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Subject: RE: [soa-rm] Joe's Proposed New Organization for Committee Draft 10 (and next Committee Draft)

I have been asked to re-clarify my suggestion for improving the organization of our spec (though I recall that Ken Laskey and others responded that they noticed the same, shortly after my December 4th e-mail). There is such a wealth of excellent information (and I mean it is really top-notch, and ultra-high quality) in our current Committee Draft 10. At the same time, I believe that the information is not organized in the best manner, as there are concepts scattered throughout that can be "blended together" in a single section (e.g. see "Reachability" at end, and an earlier discussion, see "Services" discussed on line 183 and 266, etc.), and in general, I believe that we can help the reader by "modularizing" the information better and having a better flow. So I am simply hoping that we can address this now, for our next draft. That's all.
Hope that helps.
Joseph Chiusano
Booz Allen Hamilton
700 13th St. NW, Suite 1100
Washington, DC 20005
O: 202-508-6514 
C: 202-251-0731
Visit us online@ http://www.boozallen.com

From: Chiusano Joseph [mailto:chiusano_joseph@bah.com]
Sent: Sunday, December 11, 2005 9:43 PM
To: soa-rm@lists.oasis-open.org
Subject: [soa-rm] Joe's Proposed New Organization for Committee Draft 10 (and next Committee Draft)

I just uploaded a Word document to Kavi that contains my proposal for a new organization forour Committee Draft 10, with the intent that this proposed new organization (or something similar) would be reflected in our next Committee Draft. In case the upload did not work, I have also reproduced the contents of the proposal below.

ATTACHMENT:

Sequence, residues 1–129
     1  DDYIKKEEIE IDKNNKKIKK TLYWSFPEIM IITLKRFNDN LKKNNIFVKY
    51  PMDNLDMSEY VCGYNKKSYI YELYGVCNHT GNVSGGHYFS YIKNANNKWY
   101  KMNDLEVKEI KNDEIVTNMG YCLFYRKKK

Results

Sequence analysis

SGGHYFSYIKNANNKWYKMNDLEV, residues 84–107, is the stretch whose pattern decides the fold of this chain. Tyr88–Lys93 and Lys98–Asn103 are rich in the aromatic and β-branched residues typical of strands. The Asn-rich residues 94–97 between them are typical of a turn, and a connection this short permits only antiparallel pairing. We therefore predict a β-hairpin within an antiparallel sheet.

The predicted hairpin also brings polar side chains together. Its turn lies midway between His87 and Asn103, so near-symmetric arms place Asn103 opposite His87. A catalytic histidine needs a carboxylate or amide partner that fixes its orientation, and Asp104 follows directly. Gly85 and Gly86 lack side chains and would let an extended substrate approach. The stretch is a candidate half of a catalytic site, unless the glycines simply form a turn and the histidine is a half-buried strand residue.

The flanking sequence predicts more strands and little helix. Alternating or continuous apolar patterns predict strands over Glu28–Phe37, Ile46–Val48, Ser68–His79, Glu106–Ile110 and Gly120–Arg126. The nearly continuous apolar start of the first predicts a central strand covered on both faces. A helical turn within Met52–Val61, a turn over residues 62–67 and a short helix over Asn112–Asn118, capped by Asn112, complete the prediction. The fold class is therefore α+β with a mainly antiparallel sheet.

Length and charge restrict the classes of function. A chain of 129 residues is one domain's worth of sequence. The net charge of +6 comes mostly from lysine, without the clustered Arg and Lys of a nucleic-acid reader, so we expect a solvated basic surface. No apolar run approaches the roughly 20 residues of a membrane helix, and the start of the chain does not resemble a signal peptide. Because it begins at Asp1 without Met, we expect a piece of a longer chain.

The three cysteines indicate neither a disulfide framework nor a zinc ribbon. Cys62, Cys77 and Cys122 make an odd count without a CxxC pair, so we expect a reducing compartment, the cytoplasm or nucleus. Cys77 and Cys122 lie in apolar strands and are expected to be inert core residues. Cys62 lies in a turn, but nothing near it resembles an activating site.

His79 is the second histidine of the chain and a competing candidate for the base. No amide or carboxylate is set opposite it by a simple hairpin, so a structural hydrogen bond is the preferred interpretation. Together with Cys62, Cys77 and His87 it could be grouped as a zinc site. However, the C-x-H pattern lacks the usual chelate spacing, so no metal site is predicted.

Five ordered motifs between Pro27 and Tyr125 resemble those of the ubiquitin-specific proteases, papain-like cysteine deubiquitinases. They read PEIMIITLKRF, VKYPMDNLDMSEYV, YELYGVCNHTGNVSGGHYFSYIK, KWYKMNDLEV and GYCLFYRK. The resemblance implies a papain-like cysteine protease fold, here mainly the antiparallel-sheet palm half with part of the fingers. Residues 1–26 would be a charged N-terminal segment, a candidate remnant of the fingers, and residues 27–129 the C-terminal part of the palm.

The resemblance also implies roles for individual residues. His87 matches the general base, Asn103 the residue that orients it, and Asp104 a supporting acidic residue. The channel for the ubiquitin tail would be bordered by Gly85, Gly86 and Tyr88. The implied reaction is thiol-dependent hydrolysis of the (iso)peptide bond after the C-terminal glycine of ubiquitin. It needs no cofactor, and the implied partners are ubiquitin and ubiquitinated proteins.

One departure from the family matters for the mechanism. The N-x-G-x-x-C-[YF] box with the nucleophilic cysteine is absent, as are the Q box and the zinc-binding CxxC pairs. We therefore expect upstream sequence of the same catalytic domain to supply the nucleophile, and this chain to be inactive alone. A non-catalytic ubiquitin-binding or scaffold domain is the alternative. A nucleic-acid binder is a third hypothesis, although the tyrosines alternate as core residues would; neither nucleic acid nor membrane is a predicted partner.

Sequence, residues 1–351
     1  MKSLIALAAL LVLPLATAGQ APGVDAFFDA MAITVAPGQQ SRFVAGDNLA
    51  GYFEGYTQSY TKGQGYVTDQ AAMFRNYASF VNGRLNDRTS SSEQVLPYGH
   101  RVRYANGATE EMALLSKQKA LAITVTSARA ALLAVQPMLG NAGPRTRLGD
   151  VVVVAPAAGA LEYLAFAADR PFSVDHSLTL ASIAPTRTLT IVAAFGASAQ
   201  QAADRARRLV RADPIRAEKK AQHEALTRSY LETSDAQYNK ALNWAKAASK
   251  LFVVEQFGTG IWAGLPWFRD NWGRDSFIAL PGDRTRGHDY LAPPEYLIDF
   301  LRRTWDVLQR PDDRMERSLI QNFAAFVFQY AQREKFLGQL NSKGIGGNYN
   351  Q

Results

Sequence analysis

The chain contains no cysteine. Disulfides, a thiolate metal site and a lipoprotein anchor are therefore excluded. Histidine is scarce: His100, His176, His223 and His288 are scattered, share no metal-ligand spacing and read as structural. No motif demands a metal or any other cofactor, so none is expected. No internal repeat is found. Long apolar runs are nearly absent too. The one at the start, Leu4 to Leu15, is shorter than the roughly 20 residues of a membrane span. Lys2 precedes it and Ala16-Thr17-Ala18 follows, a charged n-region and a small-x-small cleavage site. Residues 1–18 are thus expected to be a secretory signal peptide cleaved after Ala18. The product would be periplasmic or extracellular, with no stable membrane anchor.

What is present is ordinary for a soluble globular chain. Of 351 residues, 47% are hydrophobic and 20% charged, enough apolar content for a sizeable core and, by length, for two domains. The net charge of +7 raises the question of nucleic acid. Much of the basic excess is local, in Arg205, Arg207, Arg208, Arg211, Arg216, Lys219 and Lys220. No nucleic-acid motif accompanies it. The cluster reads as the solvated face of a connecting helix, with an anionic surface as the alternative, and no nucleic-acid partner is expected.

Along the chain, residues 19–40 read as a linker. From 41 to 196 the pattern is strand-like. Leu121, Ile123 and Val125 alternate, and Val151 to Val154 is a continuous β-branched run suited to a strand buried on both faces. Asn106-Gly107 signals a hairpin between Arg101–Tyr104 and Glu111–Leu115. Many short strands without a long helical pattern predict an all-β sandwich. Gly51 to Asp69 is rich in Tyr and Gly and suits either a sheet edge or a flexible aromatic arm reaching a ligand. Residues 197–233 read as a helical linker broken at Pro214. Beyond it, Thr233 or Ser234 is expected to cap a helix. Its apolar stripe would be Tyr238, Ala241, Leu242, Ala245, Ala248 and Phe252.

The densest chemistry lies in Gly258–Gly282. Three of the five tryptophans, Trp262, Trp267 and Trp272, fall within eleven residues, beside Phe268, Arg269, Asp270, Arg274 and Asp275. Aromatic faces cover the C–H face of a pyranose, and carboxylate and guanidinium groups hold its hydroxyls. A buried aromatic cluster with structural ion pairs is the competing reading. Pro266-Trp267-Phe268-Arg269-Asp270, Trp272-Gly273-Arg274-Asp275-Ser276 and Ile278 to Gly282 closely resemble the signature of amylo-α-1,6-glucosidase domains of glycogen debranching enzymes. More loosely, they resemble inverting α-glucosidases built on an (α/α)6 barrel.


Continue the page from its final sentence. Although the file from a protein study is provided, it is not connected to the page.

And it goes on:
I include line numbers from Committee Draft 10 to indicate the text that would be placed in the various sections/subsections.
Here it is - please let me know if you have any questions. I hope you find that it flows nicely:



- Keep as is.




2.1 – What is SOA?


- Keep lines 148-157 only – defer rest of section until later.

- Also include lines: 205-219, 261–263.


2.2 – How is Service Oriented Architecture different?


- Keep as is.


2.3 – The Benefits of Service Oriented Architecture


- Keep as is.




3.1 – Overview of model


- Present figure depicting the SOA Reference Model (line 158 figure in whatever updated form we use).

- Mention the concepts that comprise the reference model and the relationships between them by presenting the concepts in a narrative paragraph with each concept name in bold. For example: “The central concept in the SOA reference model is a service. A service represents the capability to…A service description contains the information necessary to interact with the service…etc.

- State that the concepts will be discussed in detail later in the spec – i.e. do not define them here, or go into in-depth discussion. Give the reader just enough here to make them want to continue reading (don’t tell them too much too soon).


3.2 – Guiding Example


- Present the example from section (lines 417-439) here. Tell the reader that it will help them better understand the concepts that comprise the reference model (as well as related concepts) as they are discussed later in the spec.


3.3 – Discussion of reference model concepts


- Discuss each individual concept that comprises the reference model in this section.

- Include an introduction here that explains this.

- Consider including a smaller version of the reference model figure for each concept subsection, and highlighting that concept (e.g. with a red square) so that the reader can see where they are in the navigation through the reference model.


3.3.1 – Capabilities


- A general discussion of capabilities and their relation to SOA (extract from various places in the spec, and elaborate where appropriate).


3.3.2 – Visibility, Interaction, and Real World Effects